Leslie Kane and Joshua Pride in Figaro (photo by Daisy Hoang, Augustana Photo Bureau)Augustana College's Figaro is a fine example of how witty, self-referential humor makes for a better farce than does banal innuendo and silly, unrealistic door slamming. Playwright Charles Morey's recent adaptation of Pierre Beaumarchais' The Marriage of Figaro (written in 1778) is sharply funny, filled with references to Beaumarchais' original trilogy ("It would take an Italian opera to describe [the plot.]") and digs at the rich ("How clever of you, sir, to be rich rather than smart.") There's still sexual innuendo and slamming doors, but Morey's script is so much quick-paced, pointedly humorous fun that the two-hour presentation rises above the level of most bedroom farce, especially considering that this production is populated by such a well-cast ensemble.

the Promises, Promises ensemble During a recent post-show conversation, an actor friend and I agreed that perhaps the most exciting moments at any theatrical production are those few seconds before the production even starts, when the lights dim, cell phones (please God) are turned to silent or vibrate, and the venue becomes alive with possibility - with the awareness that, in this live art form, absolutely anything can happen.

Jenny Winn, Christopher Thomas, and Sheri Hess in Into the Woods rehearsal So, fellow fans of the former Brew & View, there's good news and bad news:

The good news is that the building that housed this haven for independent releases (and those who love them) will once again be open for business.

The bad news is that it won't be screening independent movies. Or, for that matter, movies of any kind.

Yet while the hearts of film lovers might break, those of theatre lovers should rejoice, as Derek Bertelsen and Tyson Danner realize a live-entertainment dream with the August 10 unveiling of the Green Room, their new theatrical venue at 1611 Second Avenue in the District of Rock Island.

Dallas Drummond, Chris Castle, and Nathan Batles in Joseph & the Amazing Technicolor Dreamcoat When I learned that Quad City Music Guild's new presentation of Joseph & the Amazing Technicolor Dreamcoat would feature a cast of nearly a hundred - 98, to be exact - I was both thrilled and slightly concerned. Thrilled because ... well, come on, what fan of musicals wouldn't want to see and hear an assemblage of that many performers?

But my concern stemmed from wondering what director Harold Truitt was going to do with them all. Even with 56 members of the children's chorus seated on both sides of the stage, apart from the main action, 42 seemed a rather excessive number of participants for this enjoyably featherweight biblical piece. Would Joseph's enormity prove beneficial, or detrimental?

Harold Truitt and Mike Millar"The cast hates me," says local performer Andy Davis during a recent rehearsal break. "Our first cast meeting, they were introducing us all and I said, 'Yeah, I'm playing Potter ... ,' and everybody booed."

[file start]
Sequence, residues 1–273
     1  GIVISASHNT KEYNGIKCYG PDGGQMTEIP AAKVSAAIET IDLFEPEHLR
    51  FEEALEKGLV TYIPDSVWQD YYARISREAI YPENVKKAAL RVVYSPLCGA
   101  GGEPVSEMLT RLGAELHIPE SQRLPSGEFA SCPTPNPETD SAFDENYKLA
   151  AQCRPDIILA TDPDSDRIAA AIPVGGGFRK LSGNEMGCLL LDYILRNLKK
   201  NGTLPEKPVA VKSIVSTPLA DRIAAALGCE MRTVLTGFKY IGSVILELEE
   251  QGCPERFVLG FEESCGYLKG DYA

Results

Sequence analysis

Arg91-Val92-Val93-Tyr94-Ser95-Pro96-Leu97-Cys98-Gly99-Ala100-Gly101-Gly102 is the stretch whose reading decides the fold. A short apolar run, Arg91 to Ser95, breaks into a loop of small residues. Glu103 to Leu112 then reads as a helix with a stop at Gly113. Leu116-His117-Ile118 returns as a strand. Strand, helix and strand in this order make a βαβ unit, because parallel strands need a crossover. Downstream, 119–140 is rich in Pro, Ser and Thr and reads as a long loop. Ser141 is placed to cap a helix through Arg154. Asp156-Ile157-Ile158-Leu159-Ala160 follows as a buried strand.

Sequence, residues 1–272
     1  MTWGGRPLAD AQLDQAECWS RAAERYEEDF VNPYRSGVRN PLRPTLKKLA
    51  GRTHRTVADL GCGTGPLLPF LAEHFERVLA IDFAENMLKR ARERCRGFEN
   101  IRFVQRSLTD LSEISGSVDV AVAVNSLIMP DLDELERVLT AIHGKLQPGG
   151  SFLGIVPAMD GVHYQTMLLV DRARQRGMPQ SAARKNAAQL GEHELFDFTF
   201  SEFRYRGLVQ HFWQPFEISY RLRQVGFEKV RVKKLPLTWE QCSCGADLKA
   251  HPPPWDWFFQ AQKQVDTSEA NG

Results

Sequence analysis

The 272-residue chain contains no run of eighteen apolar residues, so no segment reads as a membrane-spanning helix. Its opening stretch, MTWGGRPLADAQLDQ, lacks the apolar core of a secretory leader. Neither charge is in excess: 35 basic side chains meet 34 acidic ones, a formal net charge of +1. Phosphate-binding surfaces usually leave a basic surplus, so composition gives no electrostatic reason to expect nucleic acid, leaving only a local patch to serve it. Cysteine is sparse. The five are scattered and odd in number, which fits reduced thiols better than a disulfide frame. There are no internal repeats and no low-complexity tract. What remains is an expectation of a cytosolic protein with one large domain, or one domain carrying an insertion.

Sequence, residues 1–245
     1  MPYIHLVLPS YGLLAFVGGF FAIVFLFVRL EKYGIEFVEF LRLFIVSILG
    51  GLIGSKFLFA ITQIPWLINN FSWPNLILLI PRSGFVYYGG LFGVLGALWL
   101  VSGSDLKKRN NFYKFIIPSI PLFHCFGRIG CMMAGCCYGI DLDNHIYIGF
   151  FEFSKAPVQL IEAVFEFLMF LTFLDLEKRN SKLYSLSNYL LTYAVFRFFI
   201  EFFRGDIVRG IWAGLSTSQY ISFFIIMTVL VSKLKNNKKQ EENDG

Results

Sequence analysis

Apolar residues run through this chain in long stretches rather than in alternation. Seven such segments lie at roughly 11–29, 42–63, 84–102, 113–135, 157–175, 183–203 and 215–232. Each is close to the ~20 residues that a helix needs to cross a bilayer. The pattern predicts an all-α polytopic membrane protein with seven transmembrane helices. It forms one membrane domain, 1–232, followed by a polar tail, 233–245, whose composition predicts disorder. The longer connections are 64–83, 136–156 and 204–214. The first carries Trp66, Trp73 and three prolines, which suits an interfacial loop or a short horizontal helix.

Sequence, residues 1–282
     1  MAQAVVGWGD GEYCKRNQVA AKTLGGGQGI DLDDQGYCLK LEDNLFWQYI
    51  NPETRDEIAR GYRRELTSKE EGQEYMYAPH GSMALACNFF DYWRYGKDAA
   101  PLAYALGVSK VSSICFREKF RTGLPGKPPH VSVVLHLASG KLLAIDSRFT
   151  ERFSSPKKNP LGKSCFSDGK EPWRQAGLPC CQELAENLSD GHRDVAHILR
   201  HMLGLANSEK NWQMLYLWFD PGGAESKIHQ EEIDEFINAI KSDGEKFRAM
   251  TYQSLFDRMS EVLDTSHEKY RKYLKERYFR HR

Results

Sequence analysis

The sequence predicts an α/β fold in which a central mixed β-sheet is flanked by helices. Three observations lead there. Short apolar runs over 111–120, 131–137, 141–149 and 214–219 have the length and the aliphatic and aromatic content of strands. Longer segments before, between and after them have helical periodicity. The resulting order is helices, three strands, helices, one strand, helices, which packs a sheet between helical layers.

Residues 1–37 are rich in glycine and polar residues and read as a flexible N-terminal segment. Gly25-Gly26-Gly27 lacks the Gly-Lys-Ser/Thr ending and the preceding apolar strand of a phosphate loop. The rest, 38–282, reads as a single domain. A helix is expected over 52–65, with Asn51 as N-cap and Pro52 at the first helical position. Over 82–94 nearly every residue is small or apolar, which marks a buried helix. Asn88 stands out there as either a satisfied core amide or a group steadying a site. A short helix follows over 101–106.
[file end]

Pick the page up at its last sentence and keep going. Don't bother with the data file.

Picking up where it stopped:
So why is Davis so happy about it?

Probably because the Potter he's playing is the hateful, wheelchair-bound Henry Potter of Bedford Falls, and the show he's rehearsing for is the Quad City Music Guild's production of It's a Wonderful Life: The Musical. Considering people's familiarity with - and love for - the Frank Capra classic of 1946, Davis should only have worried if he didn't get booed.

Benjamin Cole and Nicole Horton When you visit the Clinton Area Showboat Theatre, you know you won't get much in the way of spectacle - the intimate stage space is charming, but limited - so, instead, you look for inventiveness, especially when the production in question generally thrives on spectacle.

J. Adam Lounsberry and Nathan Bates in You're a Good Man, Charlie BrownAnyone who has spent a significant amount of time in theatre knows that if your first dress rehearsal goes even the least bit well, there's cause for celebration. Having seen the first dress of the Quad City Music Guild's You're a Good Man, Charlie Brown this past Sunday, I can assure the production's participants: There's cause for celebration, because things appeared to go considerably better than "the least bit well."

How wonderful and humbling the last eight months have been.

When you hear director Kevin Pieper describe the Quad City Music Guild's production of A Christmas Carol as "a new show to the area," it's easy to be skeptical. Haven't we already seen this holiday chestnut - and in this area, no less - more times than we can count? (Hell, I've been in it twice since 1994.)

In the Clinton Area Showboat Theatre's ingenious new production of Beauty & the Beast, the first things to catch your eye are a small bench located stage right and a large screen - it's nearly half the length of the stage - hanging upstage. On that screen is a rear projection of a rose, and it has a haunting, rough-edged quality; it looks like something that French waif on the Les Miz poster should be holding.

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